Your first day (and week) on the job is just like being the new kid on the school playground. You don’t know anybody so you’re probably scared. You don’t know the “rules” of the teeter-tooter (or how the coffee pot works).
You’re in a foreign land and you need to start learning the language, the little cliques, the personalities and people behind them, the rules and most importantly, where the snack table is.
It’s a nerve-wracking time because you often don’t know what the expectations are. So here are some tips for How to Navigate Your First Week on the Job:
- Remember the goal of the first week. It’s giving assurance to those who hired you that they made the right choice.
- Start your day on your toes versus on your heels. This means being proactive versus reactive.
- Be on time. Actually, scratch that, be 15 minutes early and stay 15 minutes later. Minimum. And count on that all week. Lunch is also one hour typically. Plan to be back before time.
- Stow the cell phone away. In fact, maybe you should leave it in your car for the first week at least. You’re setting a tone and image that getting constant buzzes on your phone while your boss or coworkers are talking is disrespectful and disruptive. Let’s also apply this to social media, at least for your first week or more.
- Befriend the assistants and receptionists. Especially long-time ones. They know the ins and outs. And top level assistants often have the ears of the leadership. They know all the rules but often get too little respect or appreciation. By the way, you should be nice and friendly to everyone, no matter position or title. (I always went out of my way to be nice to our janitorial staff. These peeps will often look out for you later because you merely recognized that they were people too.)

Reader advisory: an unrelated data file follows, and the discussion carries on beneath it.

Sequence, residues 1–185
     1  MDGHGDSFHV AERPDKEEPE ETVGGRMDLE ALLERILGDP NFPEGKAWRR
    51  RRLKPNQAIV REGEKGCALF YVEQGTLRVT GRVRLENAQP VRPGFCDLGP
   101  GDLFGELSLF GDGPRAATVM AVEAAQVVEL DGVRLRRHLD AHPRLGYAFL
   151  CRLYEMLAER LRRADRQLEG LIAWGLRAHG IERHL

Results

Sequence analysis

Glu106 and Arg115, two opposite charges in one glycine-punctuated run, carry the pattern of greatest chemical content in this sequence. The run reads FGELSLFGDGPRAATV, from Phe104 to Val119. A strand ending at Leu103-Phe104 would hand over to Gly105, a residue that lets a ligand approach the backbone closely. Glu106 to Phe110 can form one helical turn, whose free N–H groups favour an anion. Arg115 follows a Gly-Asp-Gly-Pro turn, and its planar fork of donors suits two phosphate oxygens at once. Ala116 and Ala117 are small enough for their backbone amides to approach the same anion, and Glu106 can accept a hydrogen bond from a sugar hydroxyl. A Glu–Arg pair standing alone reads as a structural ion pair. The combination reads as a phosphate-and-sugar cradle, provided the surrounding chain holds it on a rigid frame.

- Get to know your coworkers and what they do. Remembering names makes a mark. And start looking for a buddy. Someone you like and have similar interests and views.
- Start absorbing the company culture. Listen and ask for stories about the company and the team. This is more the why things are done than the how.
- When in doubt, ask for direction. Don’t just sit there like a bump on a log. But don’t consume all your boss’ time or others asking for help either.
- Start learning the rules. All the systems, processes, protocols, procedures, policies, spoken or unspoken rules. Every organization has them, like how to make coffee yourself when the pot is low … or putting paper towels in the breakroom … to when it’s acceptable to go to lunch.
- Know who the influencers are. Who are the people in the organization that really make things happen? What’s their background? Personality? Who do they report to and direct?
- Find something to do if there isn’t anything to do. Particularly in your own position and department. But if you strike out there, go ask people if you can help, explaining that you’ve finished what you were supposed to do, rather than sit bored and idle.
- Beware of joining a clique too soon. Beware of office power plays. You need to know what the gangs are and why.
- Be polite, helpful, friendly and happy. You’re just glad to be there. That means you need to smile. And really an even more basic translation is: Be someone your new coworkers are excited to work with because of your attitude and work ethic.
The faster you get acclimated to your new classroom, school and playground, the better it’s going to be for your future success!
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